The next few hours were largely subdued as we contemplated what had gone on before hand. In time we moved from pub to pub losing people along the way and finding them in the next boozer.

Anyway, some ridiculous hour of the early morning one of the lad’s says “Let’s get the tube back to the hotel and see what’s happening there.” The thought of how we were going to get back to the hotel hadn’t crossed my mind, and I was surprised to find that the tubes where still running. We got our free ride home to Wembley Central and walked the long walk back to the hotel.  A couple of the lads started singing Liverpool songs and this lifted flagging spirits, soon we were all giving it loads at the top of our voices.

We bounced along trying to wake everyone up but if we thought we were loud, the noise from the hotel was something else! You could tell everyone was having a laugh and over indulging as we following the tell tale trail of sick which led to the hotel.

It was like walking into a mad house (Russ Abbott would have swallowed his false teeth if he’d have seen this) the place was chocker block full of inebriated Scousers each intent on outdoing anything anyone else did. Blokes, old blokes mind, walking around bollo with undies on their heads; women with nothing on above they’re waists (apart from a No 6 hanging out from their gobs) playing strip jack naked. This is what we wanted, we didn’t feel out of sorts, we were amongst our own people. 

“How much money have you got left?” someone said; I knew I was all right I still had twenty quid in my No 6 ciggie packet and piles of slummy in my pocket. We gladly passed our slummy to Jono and Frano who by now had only coppers between them. “Four brown mixed please mate” I said and in amazement he sorted them for us (they didn’t tend to know what a brown mixed or what a brown bitter was down South). "Keep the change mate," all 20 odd pence of it.

We just sat and enjoyed what was going on, singing every Liverpool song known to man and dog. I awoke later that morning fully clothed on top of my bed, Graham was snoring like a trooper whilst Jono and Frano lay motionless on the floor covered in flags and coats.

The sunlight through the curtains hurt yer eyes as very slowly I began to realise that I was human. Jesus it was 9.00 in the morning, we had 30 minutes to get down before the breakfasts were stopped from being made, one by one the lads managed to regain consciousness but some couldn’t face the thought of food. What a difference a couple of hours had made - downstairs was in pristine condition, someone had worked a miracle.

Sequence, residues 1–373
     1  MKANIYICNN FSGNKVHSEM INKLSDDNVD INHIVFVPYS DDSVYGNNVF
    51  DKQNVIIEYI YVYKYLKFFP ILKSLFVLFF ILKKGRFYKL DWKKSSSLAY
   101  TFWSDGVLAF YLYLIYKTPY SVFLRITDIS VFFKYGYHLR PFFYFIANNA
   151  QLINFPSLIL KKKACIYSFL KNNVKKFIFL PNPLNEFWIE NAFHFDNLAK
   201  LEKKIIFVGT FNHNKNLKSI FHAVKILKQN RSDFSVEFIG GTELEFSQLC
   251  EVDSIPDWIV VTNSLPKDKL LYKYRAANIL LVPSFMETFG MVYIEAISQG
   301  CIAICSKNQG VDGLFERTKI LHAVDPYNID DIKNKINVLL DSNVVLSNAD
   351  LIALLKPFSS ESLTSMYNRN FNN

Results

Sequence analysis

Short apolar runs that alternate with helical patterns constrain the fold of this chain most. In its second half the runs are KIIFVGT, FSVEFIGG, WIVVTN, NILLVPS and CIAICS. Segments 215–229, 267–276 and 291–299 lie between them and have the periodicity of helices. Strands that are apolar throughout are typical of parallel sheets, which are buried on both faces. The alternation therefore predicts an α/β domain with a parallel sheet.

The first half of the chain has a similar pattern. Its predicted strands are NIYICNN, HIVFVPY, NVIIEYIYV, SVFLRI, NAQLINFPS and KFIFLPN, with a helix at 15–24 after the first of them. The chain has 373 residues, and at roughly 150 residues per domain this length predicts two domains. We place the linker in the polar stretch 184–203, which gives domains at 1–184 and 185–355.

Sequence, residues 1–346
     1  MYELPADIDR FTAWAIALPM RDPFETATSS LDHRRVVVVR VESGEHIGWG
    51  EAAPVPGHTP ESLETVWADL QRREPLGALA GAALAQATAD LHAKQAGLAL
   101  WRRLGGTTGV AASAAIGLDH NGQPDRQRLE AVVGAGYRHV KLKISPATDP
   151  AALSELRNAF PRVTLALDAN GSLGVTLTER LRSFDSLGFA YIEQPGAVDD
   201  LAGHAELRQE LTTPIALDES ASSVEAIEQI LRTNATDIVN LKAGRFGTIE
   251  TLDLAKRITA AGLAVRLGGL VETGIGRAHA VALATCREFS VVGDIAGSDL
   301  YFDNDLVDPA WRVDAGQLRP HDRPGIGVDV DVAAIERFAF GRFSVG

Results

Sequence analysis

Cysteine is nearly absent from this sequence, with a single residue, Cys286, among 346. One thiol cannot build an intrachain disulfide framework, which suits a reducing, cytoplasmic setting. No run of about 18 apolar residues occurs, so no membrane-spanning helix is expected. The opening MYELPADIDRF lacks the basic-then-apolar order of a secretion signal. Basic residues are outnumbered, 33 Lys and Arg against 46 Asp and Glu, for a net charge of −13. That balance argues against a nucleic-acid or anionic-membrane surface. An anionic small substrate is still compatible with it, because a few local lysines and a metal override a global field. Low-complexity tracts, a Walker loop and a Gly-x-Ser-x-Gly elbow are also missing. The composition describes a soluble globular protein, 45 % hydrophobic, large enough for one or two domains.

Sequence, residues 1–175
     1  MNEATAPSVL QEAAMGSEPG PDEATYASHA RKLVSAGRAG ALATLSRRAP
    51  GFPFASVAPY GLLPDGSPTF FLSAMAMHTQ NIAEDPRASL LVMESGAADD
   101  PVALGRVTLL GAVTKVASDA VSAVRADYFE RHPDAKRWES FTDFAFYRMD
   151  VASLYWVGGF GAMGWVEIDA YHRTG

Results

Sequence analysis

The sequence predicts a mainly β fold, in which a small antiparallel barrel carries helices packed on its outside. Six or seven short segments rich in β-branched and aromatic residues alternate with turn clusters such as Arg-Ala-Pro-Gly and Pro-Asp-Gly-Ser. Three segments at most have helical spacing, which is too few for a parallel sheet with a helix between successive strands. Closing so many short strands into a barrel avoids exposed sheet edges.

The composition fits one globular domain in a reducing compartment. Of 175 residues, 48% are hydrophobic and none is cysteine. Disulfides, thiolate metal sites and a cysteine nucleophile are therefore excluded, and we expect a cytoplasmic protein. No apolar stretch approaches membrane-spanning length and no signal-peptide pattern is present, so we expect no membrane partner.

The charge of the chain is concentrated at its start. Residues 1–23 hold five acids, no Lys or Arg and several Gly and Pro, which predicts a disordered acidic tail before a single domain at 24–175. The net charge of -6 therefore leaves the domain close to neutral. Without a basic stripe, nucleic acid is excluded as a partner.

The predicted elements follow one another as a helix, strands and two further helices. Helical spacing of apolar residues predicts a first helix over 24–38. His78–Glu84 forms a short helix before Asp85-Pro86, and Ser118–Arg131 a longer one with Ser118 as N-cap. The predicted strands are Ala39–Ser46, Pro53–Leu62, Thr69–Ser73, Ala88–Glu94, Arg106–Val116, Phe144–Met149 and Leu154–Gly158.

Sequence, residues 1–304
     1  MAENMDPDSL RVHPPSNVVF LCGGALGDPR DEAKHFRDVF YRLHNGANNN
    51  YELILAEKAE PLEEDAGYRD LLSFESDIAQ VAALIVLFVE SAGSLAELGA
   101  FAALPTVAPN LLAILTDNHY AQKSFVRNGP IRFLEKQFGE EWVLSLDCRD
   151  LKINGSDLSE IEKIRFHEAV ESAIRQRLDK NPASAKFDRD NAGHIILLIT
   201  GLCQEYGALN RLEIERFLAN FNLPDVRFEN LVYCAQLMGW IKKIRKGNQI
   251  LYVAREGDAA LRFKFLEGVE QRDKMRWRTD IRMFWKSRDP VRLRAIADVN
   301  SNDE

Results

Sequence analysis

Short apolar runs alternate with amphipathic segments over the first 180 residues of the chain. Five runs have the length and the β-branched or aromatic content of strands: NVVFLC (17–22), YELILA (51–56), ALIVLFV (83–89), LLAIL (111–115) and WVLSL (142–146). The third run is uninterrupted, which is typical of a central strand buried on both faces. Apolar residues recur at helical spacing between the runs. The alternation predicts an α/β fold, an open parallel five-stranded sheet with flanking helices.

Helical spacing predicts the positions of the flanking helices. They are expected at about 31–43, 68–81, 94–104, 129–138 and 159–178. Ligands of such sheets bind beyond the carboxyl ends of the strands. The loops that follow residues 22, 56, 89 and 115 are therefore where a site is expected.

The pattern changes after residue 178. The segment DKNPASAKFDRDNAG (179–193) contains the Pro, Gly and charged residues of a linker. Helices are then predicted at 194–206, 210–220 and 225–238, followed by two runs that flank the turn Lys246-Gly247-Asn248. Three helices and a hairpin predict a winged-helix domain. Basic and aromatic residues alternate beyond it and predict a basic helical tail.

Pure Pandemonium

The journey home meant we had to go to Euston to catch the ordinary home; the tube journey to Euston was eventful for the fact that no one was sick! How unexpected was that?!  I slept for most of the journey home (totally out of character for me) and was roused by some of the lads singing “The Liverpool boys are in Town.” We were back home in this dirty untidy place; we were back home in our Liverpool…. SUPERB!

That night we headed straight for the back lounge of the Park Hotel, Sundays were always a good night in there. We sat and tried to take it all in, but couldn’t.

It was at times pure pandemonium, a total farce; the best of times and the worst of times, I don’t regret one single thing from that trip it was an education.

© Mottman 2004

A is for Anfield, our home.

B is for beesknees Liverpool FC.

C for Copping off at away games, all them years ago.

D is for Dalglish, the greatest of them all.

E is for Ernie Hunt, Coventry player or rhyming slang?

F is Feds trying to keep out of there way.

G is for Good Skin, met may of them.

H is for being Ardfaced 

I for injury time goals and innkeepers, many of whom are visited after injury time goals

J is for Jesus Boots, God they made your feet sweat

K is for Kirkby Kiss, give us a snog love.

L is for Laughin, it makes the World go round.

M is for Mott The Hoople hence user name.

N is the no-mark who gets served ahead of ya, by letting on to the barmaid

O is for Onyertoes, doing a legger at Limey to catch the last pint.

P is for Paralitic celebrating another Tricky Reds win.

Q is for Quality like a Jan Molby ball

R is for Ron Atkinson’s big black leather.

S is for Speck, on the old Spion Kop.

T is for Termorrer, because it never comes.

U for the soiled undies you lashed out on Sunday morning.

V is for veg, what’s that all about?

While W is for “The waste of space” yer auld fella always said you were

X is for all the bird’s you necked on yer travels.

Y is for York City, cardboard boxes as hats.

Z is for zonked………………..again!

Pictures courtesy of

Great read Robbie.

top read, and yer first big photo is the poster I had on my wall as a kid.
Brought a tear to me eye Robbie seeing that.

Great stuff Robbie  :wave